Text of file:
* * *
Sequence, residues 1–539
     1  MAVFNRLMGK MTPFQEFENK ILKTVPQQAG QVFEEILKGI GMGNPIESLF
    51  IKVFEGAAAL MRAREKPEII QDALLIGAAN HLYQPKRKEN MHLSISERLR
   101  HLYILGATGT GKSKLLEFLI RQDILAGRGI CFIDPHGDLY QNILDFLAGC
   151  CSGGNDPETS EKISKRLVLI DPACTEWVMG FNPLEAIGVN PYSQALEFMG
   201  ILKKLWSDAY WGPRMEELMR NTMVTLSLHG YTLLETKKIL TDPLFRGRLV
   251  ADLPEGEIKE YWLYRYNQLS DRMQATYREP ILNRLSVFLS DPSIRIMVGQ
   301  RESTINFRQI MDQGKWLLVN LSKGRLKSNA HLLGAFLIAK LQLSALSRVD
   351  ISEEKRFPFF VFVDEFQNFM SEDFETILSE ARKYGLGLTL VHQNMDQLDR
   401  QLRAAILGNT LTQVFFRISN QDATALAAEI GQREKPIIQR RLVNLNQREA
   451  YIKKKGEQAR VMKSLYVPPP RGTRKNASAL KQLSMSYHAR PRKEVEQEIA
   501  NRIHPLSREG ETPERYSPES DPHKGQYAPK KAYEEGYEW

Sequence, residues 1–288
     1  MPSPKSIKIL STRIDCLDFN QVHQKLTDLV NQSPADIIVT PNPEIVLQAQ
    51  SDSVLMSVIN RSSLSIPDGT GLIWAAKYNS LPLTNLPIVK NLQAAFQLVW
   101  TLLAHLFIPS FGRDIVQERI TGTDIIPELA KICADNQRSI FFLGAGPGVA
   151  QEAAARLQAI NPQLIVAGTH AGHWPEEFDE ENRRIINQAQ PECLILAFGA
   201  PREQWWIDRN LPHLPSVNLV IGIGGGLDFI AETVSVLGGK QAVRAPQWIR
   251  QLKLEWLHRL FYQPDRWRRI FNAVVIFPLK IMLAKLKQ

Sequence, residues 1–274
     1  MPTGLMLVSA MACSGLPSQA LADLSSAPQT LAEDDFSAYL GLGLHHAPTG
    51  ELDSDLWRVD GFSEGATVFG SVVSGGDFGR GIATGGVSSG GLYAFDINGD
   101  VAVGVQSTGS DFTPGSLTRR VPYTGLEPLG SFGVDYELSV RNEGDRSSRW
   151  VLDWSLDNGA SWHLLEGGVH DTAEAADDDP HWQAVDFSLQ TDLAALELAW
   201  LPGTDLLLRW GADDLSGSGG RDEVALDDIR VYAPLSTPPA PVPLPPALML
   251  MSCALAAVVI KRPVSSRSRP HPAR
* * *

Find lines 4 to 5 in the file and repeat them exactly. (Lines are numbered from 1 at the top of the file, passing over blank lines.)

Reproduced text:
   101  HLYILGATGT GKSKLLEFLI RQDILAGRGI CFIDPHGDLY QNILDFLAGC
   151  CSGGNDPETS EKISKRLVLI DPACTEWVMG FNPLEAIGVN PYSQALEFMG